New life sciences hub will connect students with opportunities and support early stage companies

CAPMM lab shot
Photo by Evan Cantwell/Creative Services

Northern Virginia will become a regional hub for Virginia Bio-Connect, a statewide initiative for life sciences and biotechnology work.

George Mason University and the Prince William County Department of Economic Development will lead the Northern Virginia BioHub, one of five clusters that will exist throughout the commonwealth by Virginia Bio-Connect. The project, which is directed by the Virginia Biotechnology Association and supported by a two-year, $3.2 million initiative funded by a GO Virginia statewide competitive matching grant, is a collaboration designed to increase connectivity and awareness of the existing programs, resources and communities in the commonwealth that support the life sciences industry.

Virginia Bio-Connect plans engage all higher education institutions across the state, including community college systems. Other universities leading clusters include University of Virginia, Virginia Tech, Virginia Commonwealth University and the East Virginia Medical School.

Virginia Bio-Connect will be a central hub for the life science community to find relevant resources across the state, including commercialization and entrepreneurship programs, funding mechanisms, accelerators, job boards, internship programs, and core research equipment facilities. The program will provide the pathway for businesses to find the support, expertise, and workforce needed to grow and prosper in Virginia.

During the two-year grant period, Virginia Bio-Connect will create a workforce development program to connect Virginia undergraduate and graduate students with Virginia-based life science and biotechnology companies, including an industry-specific internship program that will enroll 100 students from across the state.

“Students in Northern Virginia will have the opportunity to be part of a statewide cohort and develop meaningful connections with Virginia’s life science industry professionals,” said Amy Adams, executive director of Mason’s Institute for Biohealth Innovation, who will co-direct the Northern Virginia BioHub. “It’s a win-win for both our students who will gain practical skills, making them more competitive in the job market, and for companies seeking a diverse talented workforce pipeline.”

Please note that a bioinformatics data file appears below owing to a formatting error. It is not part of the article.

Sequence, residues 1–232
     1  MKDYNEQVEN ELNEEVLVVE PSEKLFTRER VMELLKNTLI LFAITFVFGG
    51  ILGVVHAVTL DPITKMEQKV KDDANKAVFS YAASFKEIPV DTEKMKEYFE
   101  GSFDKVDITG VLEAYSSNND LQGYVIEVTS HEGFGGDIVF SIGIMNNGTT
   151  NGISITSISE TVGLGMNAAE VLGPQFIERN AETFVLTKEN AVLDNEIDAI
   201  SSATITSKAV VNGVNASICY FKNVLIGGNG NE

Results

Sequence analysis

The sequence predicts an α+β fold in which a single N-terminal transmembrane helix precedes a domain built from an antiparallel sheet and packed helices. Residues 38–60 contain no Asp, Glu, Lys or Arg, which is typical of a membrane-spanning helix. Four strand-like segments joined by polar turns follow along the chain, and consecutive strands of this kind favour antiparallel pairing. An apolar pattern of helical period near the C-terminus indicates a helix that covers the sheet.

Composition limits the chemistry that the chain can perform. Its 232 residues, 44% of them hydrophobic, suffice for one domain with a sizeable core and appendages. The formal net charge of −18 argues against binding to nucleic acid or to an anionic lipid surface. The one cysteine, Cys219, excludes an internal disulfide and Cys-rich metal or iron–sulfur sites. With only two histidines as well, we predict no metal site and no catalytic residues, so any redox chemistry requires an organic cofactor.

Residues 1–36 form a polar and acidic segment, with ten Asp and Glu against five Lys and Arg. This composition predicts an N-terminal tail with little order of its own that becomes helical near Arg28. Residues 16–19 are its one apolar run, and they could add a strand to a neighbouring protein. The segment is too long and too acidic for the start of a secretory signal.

John Newby, Virginia Bio’s chief executive officer and the designated lead of the new consortium, explained that the biotechnology industry—beyond its work to stimulate innovation and improve health—has an $8 billion economic impact in Virginia.

Virginia Bio-Connect is projected to foster the creation of 15 new life science companies and 254 new jobs, and to provide a more than $25 million boost to the state economy. The program will also launch a Virtual Entrepreneur-in-Residence Network (VERN), featuring four entrepreneurs who will support the companies.

Deborah Roder, business development manager, science, for Prince William County and co-director of the Northern Virginia BioHub added, “Virginia Bio-Connect provides the resources life science startups need to navigate the industry-specific complex regulatory systems, find their highly skilled workforce, and locate the existing entrepreneur support systems already in place throughout the commonwealth.”

The five regional BioHubs and co-leading entities are:

  • Charlottesville/Albemarle: CvilleBioHub and University of Virginia Licensing and Ventures Group
  • Coastal Virginia: City of Virginia Beach Economic Development and Eastern Virginia Medical School
  • Northern Virginia: Prince William County Department of Economic Development and George Mason University
  • Richmond: Activation Capital and VCU Innovation Gateway
  • Roanoke/Blacksburg/Lynchburg: Virginia Tech Fralin Biomedical Research Institute and Carilion Clinic

Listen to Adams, Newby and Nikki Hastings discuss the initiative on an episode of the podcast BioTalk with Rich Bendis.